View Full Version : Densely Packing and FUE
10-03-2013, 06:43 AM
One of the advantages of the relatively thin grafts produced by follicular unit extraction (http://www.drcarloswesley.com/follicular_unit_extraction.html) (FUE (http://www.drcarloswesley.com/follicular_unit_extraction.html)) as compared to their strip harvest counterparts is that they can be more easily placed into recipient sites that are created in a more dense pattern. Here, Dr. Carlos Wesley (http://www.drcarloswesley.com/index.html) describes this in a patient who desired a hairline advancement using FUE.
10-03-2013, 07:36 AM
I have a friend in his 50s who has a high hairline and no MPB. Lowering a hairline in this type of individual is acceptable. For a young man, a low hairline can be a temptation. If there is a family history of Norwood 5 or 6, dense packing is a really bad idea. Many studies indicate, dense packing can reduce yield to 70% and even lower. When follicle regeneration becomes more reliable, up into the 90-100% range, this won't be such a big issue. As things are in 2013, a man has a limited number of donor grafts. If he uses them all in a dense packed frontal area and later loses hair, he'll become a difficult repair case. Redistribution of previously transplanted hair may become necessary as well as tapping into alternative hair sources.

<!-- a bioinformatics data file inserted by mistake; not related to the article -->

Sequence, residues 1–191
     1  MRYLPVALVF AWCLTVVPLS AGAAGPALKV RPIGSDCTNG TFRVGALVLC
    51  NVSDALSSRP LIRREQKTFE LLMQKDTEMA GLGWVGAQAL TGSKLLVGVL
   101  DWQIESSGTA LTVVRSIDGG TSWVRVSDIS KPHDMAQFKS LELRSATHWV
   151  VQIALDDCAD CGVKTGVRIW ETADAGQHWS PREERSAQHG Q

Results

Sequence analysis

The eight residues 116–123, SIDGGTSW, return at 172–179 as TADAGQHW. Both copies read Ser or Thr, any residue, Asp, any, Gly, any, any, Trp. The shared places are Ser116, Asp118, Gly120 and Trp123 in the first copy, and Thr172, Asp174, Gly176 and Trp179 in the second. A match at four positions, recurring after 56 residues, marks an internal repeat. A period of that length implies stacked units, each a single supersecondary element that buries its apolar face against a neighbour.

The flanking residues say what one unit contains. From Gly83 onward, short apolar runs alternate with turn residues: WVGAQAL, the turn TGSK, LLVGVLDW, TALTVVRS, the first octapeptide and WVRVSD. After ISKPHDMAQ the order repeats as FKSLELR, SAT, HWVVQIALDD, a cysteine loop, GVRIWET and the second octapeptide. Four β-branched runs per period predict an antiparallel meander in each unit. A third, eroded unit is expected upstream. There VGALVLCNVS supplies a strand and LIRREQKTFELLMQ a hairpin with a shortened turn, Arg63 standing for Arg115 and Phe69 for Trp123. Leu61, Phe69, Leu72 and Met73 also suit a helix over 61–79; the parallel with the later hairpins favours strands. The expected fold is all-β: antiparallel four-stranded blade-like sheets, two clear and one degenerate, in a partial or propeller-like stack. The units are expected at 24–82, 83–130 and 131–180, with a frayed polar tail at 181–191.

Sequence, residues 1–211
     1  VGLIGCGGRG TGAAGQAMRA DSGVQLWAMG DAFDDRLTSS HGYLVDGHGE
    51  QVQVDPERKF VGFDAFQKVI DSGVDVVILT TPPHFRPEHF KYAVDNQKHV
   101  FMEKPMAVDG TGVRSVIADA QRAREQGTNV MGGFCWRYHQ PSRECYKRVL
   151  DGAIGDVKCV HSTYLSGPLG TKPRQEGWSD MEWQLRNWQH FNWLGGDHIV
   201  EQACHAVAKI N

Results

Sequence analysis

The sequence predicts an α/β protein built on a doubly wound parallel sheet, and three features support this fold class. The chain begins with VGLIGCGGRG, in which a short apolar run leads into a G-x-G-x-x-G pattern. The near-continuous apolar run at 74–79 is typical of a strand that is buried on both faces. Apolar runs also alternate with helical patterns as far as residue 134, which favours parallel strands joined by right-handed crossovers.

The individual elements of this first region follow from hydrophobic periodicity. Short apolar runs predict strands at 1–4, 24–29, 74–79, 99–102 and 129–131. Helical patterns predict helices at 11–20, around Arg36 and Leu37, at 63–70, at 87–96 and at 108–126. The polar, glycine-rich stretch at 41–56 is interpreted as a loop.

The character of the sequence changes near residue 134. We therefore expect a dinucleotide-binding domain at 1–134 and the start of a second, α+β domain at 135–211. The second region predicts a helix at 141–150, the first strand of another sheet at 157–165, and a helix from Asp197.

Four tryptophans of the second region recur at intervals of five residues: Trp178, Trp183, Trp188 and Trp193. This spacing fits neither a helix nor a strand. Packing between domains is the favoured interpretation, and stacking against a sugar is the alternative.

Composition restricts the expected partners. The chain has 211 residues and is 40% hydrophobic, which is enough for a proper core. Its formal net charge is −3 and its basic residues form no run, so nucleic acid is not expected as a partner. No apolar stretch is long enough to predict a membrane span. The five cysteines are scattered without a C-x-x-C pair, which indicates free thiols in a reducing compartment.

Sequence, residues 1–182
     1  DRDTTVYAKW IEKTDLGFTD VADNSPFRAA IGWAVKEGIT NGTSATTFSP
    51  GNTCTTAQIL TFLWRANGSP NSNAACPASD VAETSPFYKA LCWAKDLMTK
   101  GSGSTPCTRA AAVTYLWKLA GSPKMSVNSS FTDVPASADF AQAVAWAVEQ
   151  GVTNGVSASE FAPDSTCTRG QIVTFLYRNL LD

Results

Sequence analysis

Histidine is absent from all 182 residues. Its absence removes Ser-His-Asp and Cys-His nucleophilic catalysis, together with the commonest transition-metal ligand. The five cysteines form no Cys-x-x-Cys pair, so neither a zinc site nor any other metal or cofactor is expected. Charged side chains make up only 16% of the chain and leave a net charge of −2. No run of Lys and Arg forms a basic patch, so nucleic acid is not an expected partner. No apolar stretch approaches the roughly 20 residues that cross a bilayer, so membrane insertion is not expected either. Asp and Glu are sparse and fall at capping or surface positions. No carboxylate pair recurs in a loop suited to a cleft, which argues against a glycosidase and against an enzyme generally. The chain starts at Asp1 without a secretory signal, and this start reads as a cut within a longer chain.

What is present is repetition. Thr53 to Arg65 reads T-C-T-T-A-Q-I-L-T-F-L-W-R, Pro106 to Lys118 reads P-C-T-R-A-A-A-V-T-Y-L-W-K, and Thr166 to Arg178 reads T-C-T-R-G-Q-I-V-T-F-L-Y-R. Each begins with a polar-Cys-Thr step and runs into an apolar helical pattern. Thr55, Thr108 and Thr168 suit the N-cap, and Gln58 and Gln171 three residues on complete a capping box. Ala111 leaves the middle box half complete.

But yes, an older guy without signs of MPB and a strong family history of full heads of hair, have at it if you want to lower your hairline. A few men do have donor to burn.
35YrsAfter also posts as CITNews and works at Dr. Cole's office
Cole Hair Transplant
1045 Powers Place
Alpharetta, Georgia 30009
email 35YrsAfter at email@example.com
Please feel free to call or email me with any questions. Ask for Chuck
Carlos Wesley, MD
10-03-2013, 02:24 PM
Great reply, 35YrsAfter. Your points are very well taken. This approach would not be appropriate for young patients with anticipated-to-be-significant MPB based on family history and exam. For those patients, there is certainly a limit to their donor supply.
While not an exact prognostication, our practice's survey estimating the number of lifetime supply of follicular units (http://onlinelibrary.wiley.com/doi/10.1111/dsu.12108/abstract) at least helps shed some light on that issue. It was published in this May's Dermatologic Surgery journal and can be viewed here (http://onlinelibrary.wiley.com/doi/10.1111/dsu.12108/abstract).
Follicle Death Row
10-05-2013, 02:17 PM
With all due respect, I don't really see this being an advantage of FUE given that FUT strips undergo dissection under microscope so if anything I would have thought it would the opposite; that with FUT you could more reliably dense pack with better density as you can carefully dissect the one unit grafts as thin as required. Nevertheless, it is reassuring to see what FUE can achieve regarding density and yield. Very impressive.
10-06-2013, 11:35 AM
I have no idea why FUE grafts are any better than FUT grafts. They arent. In fact, when doing FUE ,you are going in blind so to speak. Hoping it grabs the entire follicle when extracting.
I think FUE has advantages, but not dense packing. That has everything to do with the donor hair available and the skill of the surgeon .